This book explains devolution today in terms of the evolution of past structures of government in the component parts of the United Kingdom. It highlights the importance of the English dimension and the role that England's territorial politics played in constitutional debates. Similarities and differences between how the components of the UK were governed are described. The book argues that the UK should be understood now, even more than pre-devolution, as a state of distinct unions, each with its own deeply rooted past and trajectory. Using previously unpublished primary material, as well as a wealth of secondary work, it offers a comprehensive account of the territorial constitution of the UK from the early twentieth century through to the operation of the new devolved system of government.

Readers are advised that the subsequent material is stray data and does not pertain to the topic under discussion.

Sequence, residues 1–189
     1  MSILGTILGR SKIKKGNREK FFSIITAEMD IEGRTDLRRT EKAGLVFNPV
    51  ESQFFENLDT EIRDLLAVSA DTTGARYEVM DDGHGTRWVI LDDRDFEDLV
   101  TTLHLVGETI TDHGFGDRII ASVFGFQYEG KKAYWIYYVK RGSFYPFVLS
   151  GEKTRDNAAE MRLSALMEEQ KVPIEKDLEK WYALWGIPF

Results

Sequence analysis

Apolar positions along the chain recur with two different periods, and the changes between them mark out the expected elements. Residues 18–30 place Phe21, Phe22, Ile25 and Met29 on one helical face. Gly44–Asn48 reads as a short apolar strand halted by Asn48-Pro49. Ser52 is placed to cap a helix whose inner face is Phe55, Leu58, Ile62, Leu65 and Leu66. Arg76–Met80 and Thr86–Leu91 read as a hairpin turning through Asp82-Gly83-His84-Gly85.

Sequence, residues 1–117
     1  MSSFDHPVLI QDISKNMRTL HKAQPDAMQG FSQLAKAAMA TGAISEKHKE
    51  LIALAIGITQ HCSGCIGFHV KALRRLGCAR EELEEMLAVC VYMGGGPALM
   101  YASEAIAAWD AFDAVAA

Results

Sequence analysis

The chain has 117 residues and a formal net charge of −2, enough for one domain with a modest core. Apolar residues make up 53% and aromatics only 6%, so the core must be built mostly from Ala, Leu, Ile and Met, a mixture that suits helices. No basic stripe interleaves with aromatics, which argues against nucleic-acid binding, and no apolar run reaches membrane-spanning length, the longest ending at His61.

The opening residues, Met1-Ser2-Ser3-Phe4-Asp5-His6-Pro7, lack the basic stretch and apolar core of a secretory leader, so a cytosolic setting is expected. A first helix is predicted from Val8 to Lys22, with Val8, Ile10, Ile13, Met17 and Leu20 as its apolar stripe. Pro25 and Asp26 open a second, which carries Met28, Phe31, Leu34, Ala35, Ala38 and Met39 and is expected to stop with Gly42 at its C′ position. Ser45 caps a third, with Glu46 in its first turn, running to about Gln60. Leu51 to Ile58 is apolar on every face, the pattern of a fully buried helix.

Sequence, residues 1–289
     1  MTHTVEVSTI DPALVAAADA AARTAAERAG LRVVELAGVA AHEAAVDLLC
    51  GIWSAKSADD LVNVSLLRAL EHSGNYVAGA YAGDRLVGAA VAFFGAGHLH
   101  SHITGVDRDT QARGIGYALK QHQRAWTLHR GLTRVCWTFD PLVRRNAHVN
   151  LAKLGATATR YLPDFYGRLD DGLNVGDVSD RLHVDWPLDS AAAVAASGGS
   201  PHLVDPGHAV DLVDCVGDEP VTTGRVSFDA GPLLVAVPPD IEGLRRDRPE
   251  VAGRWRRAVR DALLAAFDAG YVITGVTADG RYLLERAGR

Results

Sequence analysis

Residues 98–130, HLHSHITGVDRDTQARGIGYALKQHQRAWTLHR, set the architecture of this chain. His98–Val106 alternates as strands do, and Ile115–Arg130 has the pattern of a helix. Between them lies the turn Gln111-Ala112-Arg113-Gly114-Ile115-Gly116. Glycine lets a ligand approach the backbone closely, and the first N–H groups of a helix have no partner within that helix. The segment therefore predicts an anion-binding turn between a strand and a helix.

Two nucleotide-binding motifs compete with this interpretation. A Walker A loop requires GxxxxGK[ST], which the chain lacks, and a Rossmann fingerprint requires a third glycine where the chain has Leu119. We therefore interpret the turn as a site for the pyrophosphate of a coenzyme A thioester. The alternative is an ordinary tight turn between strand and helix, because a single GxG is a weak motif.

This book compares the politics, policies, and polity-building dynamics of devolution in Wales and decentralisation in the French region of Brittany. Empirically, it draws conclusions from in-depth fieldwork within the two regions and reports the findings of a comparative public-opinion survey. Theoretically, the book contributes towards our understanding of the comparative study of regions. Perhaps most impressive is how the case studies generally are based on, but also cast light back to, the nuanced theoretical framework on regional capacity established at the outset. The book uncovers the dynamics of devolution in Wales and decentralisation in Brittany through extensive face-to-face interviews: over two hundred interviews were carried out from 2001 to 2004, a formative stage in the development of the devolved institutions in Wales and also a period of expectation in Brittany.